We've also done a podcast version of this story, for your pleasure. Please subscribe and give us a lovely review on iTunes (opens in new tab) – we'll be your best friends.
On the morning of Saturday April 26, 1986, a helicopter landed on a football pitch in northern Ukraine. Players from FC Pripyat were preparing for a big cup semi-final against FC Borodyanka later that afternoon.
They watched as men wearing protective suits and carrying radiation detectors clambered out of the helicopter. As the detectors clicked with audible warnings, the men informed the footballers that the match would not be played. There had been an incident at the nearby Vladimir Ilyich Lenin Nuclear Power Plant, also known as Chernobyl.
Pripyat was a commuter town located a couple of miles from the nuclear power plant and around 10 miles from the city of Chernobyl. Founded in 1970, it was a modern and progressive “atom town”, designed to represent the best of the Soviet Union – the now-defunct state that encompassed 15 republics including Russia and Ukraine.
Pripyat had a cinema, swimming pool, amusement park and several tower blocks that housed a population of around 50,000. It also had a football team called FC Stroitel Pripyat.
‘Stroitel’ means builder. The team was formed by men working on the construction of the Chernobyl plant and town of Pripyat, with support from Vasily Kizima, the director of construction. Sport played an important role in Soviet society and was incorporated by the state into the daily lives of its citizens. “I have people working in four shifts, and there’s no place for them to go and rest,” explained Kizima. “Let them go and watch some football and drink some beer.”
Pripyat’s’s modest ground stood in the shadows of the residential blocks. The pitch was surrounded by a running track, with a hut for a dressing room and a small wooden stand. The stadium was often full of spectators, even with the club in the amateur fifth tier of the Soviet football league system. “In Pripyat, everyone loved football,” defender Alexander Vishnevsky told Soviet Sport. “Two thousand of them came to watch.”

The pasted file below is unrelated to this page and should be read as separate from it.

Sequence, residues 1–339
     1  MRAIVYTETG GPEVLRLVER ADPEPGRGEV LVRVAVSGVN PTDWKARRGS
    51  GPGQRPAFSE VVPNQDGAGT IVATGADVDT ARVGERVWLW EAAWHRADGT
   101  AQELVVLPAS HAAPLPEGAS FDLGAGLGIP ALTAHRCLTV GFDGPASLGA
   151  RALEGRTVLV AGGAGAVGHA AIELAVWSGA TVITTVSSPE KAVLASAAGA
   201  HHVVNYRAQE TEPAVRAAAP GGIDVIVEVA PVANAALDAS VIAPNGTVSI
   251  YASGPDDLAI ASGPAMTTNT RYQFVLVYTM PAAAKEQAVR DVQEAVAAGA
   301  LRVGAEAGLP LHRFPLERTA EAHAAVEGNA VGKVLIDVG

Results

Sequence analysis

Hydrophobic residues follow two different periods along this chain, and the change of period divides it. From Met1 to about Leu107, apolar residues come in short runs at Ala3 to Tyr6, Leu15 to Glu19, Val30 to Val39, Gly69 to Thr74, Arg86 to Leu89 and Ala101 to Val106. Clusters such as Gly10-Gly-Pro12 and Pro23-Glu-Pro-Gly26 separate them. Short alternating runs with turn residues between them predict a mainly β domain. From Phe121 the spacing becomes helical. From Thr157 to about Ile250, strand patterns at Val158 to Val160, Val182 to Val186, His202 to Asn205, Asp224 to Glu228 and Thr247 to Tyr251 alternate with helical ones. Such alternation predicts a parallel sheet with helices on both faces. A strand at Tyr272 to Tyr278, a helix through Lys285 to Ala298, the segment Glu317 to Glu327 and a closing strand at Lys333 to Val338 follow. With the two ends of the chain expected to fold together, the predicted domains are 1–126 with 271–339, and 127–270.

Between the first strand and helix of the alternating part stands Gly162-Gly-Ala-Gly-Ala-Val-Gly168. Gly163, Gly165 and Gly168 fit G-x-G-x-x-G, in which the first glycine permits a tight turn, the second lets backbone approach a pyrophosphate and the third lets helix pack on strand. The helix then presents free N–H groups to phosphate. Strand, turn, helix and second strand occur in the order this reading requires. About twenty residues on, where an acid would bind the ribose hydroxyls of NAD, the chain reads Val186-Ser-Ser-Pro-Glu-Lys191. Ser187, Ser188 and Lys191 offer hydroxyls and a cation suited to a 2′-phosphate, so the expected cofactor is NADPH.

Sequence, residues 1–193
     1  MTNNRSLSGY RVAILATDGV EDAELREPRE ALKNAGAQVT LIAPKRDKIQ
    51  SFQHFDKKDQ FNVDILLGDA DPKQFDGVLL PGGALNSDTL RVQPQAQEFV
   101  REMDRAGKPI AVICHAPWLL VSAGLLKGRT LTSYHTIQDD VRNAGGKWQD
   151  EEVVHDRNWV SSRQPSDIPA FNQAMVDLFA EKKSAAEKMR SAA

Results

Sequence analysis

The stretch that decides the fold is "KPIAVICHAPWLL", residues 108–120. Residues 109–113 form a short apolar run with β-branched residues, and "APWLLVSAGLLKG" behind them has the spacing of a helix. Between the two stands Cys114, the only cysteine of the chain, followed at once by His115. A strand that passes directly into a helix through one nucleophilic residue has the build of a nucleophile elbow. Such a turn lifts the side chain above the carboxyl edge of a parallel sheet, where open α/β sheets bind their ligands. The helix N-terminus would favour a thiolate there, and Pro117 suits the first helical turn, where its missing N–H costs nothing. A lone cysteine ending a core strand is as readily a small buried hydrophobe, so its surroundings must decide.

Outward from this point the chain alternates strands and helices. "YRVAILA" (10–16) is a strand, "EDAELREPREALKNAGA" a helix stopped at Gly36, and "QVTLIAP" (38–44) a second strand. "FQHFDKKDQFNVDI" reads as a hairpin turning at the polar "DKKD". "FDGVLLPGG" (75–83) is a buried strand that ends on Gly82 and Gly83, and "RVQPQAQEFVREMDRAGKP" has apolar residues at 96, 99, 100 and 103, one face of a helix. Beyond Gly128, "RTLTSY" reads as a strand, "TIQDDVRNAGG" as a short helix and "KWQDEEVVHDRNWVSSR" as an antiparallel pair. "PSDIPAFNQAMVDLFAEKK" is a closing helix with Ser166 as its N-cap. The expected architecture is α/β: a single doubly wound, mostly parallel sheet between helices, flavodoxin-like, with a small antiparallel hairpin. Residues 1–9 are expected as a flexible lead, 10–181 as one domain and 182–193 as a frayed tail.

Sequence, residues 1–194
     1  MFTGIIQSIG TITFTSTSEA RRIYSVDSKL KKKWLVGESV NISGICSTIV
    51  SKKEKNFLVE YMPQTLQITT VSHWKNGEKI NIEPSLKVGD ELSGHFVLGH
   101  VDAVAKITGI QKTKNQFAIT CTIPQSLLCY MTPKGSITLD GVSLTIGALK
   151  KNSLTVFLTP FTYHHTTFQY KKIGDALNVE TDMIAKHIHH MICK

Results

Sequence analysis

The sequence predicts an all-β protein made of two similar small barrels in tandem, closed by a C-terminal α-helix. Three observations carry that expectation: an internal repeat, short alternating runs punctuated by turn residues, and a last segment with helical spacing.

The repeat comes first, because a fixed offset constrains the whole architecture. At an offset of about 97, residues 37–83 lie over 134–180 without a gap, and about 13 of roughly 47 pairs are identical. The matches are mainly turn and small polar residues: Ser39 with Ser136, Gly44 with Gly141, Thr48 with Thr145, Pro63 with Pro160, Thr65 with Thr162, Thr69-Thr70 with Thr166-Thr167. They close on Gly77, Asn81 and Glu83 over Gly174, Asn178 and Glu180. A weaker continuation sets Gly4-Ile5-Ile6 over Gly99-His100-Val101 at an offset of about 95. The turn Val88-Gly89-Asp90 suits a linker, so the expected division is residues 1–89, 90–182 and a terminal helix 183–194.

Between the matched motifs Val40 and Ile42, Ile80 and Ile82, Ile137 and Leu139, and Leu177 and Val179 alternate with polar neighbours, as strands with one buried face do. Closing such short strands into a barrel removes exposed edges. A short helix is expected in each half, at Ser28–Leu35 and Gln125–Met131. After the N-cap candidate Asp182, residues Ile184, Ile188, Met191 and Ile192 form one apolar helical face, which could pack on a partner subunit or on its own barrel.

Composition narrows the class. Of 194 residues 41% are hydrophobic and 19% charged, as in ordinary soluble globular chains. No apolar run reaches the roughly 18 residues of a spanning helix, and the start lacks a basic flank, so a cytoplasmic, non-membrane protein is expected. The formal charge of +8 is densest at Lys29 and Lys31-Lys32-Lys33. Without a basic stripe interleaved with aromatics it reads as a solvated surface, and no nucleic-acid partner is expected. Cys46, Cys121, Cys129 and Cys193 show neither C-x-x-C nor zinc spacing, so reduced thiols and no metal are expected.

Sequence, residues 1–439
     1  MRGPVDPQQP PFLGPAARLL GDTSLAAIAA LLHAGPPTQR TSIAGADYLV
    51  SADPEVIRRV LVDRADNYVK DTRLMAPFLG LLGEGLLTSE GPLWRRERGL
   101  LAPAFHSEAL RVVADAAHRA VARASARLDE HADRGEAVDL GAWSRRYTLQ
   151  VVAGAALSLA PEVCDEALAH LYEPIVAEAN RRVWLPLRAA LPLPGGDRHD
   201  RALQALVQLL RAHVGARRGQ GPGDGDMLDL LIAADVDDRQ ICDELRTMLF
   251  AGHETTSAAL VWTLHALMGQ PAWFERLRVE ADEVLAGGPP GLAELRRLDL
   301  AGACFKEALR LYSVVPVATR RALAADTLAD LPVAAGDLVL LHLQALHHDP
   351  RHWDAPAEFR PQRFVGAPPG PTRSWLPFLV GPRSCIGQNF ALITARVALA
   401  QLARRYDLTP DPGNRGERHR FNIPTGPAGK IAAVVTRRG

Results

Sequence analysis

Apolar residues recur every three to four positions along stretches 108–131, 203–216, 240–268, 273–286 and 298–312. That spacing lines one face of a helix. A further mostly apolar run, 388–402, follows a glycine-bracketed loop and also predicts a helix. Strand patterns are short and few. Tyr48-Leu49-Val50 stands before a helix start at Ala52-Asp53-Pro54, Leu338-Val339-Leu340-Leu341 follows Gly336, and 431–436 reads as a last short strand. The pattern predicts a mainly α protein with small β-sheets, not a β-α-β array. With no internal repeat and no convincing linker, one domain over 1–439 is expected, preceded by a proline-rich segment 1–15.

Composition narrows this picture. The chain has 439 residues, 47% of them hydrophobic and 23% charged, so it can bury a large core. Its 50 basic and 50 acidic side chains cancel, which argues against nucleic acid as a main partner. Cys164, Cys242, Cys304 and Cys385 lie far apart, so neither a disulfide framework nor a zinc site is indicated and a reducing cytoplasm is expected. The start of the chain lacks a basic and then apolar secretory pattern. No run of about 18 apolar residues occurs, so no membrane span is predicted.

Visible in the distance beyond the boundary fence was the 500ft-high chimney stack of Chernobyl’s Reactor No.4.
Chernobyl opened in 1977 and Pripyat became a works team as a result. The side’s youngest player, Valentin Litvin, didn’t yet work at the plant as he was still at school. Litvin was one of six brothers – all of them decent players – and born in the nearby village of Chistogalovka. He studied in Pripyat.
“I remember one episode in the ninth grade,” says Litvin, speaking to Valeriy Shkurdalov of Discover Chernobyl (opens in new tab). “I was taking an algebra exam, and I was supposed to play in a game. Our teacher looked out the window and said, ‘Who are they waiting for?’ There was a bus and the team was waiting for me, all of them grown men.”
In 1978, after graduating from school, Litvin began working as an engineer at Chernobyl. Like most Pripyat players, he was paid a small football allowance – two roubles and 50 kopecks (worth about £3.25 today) for district games and five roubles (£6.50) for regional matches – on top of his power plant wage. But some of his team-mates were ringers, brought in from around the region specifically to play football.
“These were called ‘snowdrops’,” says Litvin. They were named this because, like the flowers, they arrived late in winter. “They received salaries from the power plant and were listed on the payroll, but they didn’t do any work.”
Backed by the power plant, and with snowdrops among their ranks, Pripyat pushed for promotion to the professional fourth tier. In 1981, they appointed former USSR striker Anatoliy Shepel, a league and cup winner with Dynamo Kiev, as manager. “That was the moment when our team began to take shape,” says Litvin, who became the captain. Pripyat, playing in white shirts and blue shorts, won the regional cup competition in 1981, 1982 and 1983, but struggled in the league and remained stuck in the fifth tier.